10. Teachers using Technology • Levin and Arafeh (2002) have found that there is little evidence as to how teachers integrate technology use for schoolwork. One key point is the perception students have of their teachers understanding of technology: “Students believe that professional development and technical assistance for teachers are crucial for effective integration of the Internet into curricula.”

  11. New Initiatives Seeds of Possibility: Integrating Information and Communication Technologies in the 2 year Elementary Teacher Education Program at UBC

  12. Seeds of Possibility is a new program offered to pre-service teachers at UBC in the two-year elementary education program in the Faculty of Education. It consisted of two periods a week that were taught in conjunction with an EDUC class that the students were taking. The students met on Monday’s (40 minutes) and Wednesday’s (20 minutes).

  13. Teachers and Technology • Seeds of Possibility is a first step in the professional development of pre-service teachers in understanding how to use technology in teaching.

  14. Seeds of Possibility • “Seeds of Possibility” can benefit pre-service teachers two ways. First, teaching them to understand and use literacy technologies in schools. Secondly, preparing them to work with teachers in the school system to develop modules that can use ICT in the teaching of lessons or units.

  15. Transition to the Web • Recent initiatives have shown that the Internet has potential as a teaching tool. On its own, the Internet is used for communication and finding resources but it can be integrated into a teaching plan.

  16. Resources • School librarians are, by the very nature of their jobs, specialists in finding resources. When working in collaboration with the classroom teacher, they can recommend several resources, including websites that can complement a unit of study. The best scenario would have the teacher librarian showcase and archive the best resources found online for other classes.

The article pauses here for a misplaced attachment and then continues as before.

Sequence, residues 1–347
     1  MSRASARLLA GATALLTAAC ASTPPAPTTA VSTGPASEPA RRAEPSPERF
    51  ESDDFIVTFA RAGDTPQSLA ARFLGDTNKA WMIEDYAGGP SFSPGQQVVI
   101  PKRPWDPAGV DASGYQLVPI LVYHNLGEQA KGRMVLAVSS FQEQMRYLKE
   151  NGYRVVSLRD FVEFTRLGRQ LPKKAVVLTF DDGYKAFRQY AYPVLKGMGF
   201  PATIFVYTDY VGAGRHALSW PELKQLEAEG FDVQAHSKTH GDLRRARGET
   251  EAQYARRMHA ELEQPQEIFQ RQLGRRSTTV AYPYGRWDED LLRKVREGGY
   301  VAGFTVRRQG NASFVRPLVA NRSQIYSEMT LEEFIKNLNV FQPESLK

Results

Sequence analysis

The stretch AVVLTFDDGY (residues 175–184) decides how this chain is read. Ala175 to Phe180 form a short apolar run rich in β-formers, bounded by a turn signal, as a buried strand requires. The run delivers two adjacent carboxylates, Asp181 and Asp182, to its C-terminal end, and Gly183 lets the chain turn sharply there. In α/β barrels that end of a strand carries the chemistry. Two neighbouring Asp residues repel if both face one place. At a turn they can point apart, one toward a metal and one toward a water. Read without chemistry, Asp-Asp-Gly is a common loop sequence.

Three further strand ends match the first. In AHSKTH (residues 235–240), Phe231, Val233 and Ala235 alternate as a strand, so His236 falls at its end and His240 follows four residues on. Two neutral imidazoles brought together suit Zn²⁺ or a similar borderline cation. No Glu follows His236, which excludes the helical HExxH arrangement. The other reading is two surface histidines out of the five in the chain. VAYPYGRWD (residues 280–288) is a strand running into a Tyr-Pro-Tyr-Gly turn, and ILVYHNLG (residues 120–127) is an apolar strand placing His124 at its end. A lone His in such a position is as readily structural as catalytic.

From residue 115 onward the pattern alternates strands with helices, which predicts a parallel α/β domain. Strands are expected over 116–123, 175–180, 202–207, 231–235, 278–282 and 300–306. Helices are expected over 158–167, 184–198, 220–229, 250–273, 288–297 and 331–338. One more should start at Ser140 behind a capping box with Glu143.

17. Some Examples • Three examples of school library websites offering a wealth of useful information are The Bessie Chin Library Centre (http://rhsweb.org/library/) in Redwood California, the Chico High School Library (http://dewey.chs.chico.k12.ca.us/) in Chico, California and the Springfield Township High School Virtual Library (http://mciunix.mciu.k12.pa.us/~spjvweb/) in Erdenheim, Pennsylvania. These three school library websites offer resources that are catalogued and clustered by subject areas. All three websites were started in the 1990’s and while they have limited esthetic appeal and seem cluttered by today’s standards their content offers valuable resources for the students in their respective schools.

  18. Virtual Museums • Museums probably offer the best example of the successful integration of multimedia and Internet access. In 2005, museums from around the world can be accessed individually (Art Institute of Chicago – http://www.artic.edu/aic/index.html) or through several archives that are available online (Virtual Library Museums pages - http://icom.museum/vlmp/, and MuseumSpot - http://www.museumspot.com/. Many offer virtual tours of their exhibits and resources for educators and students.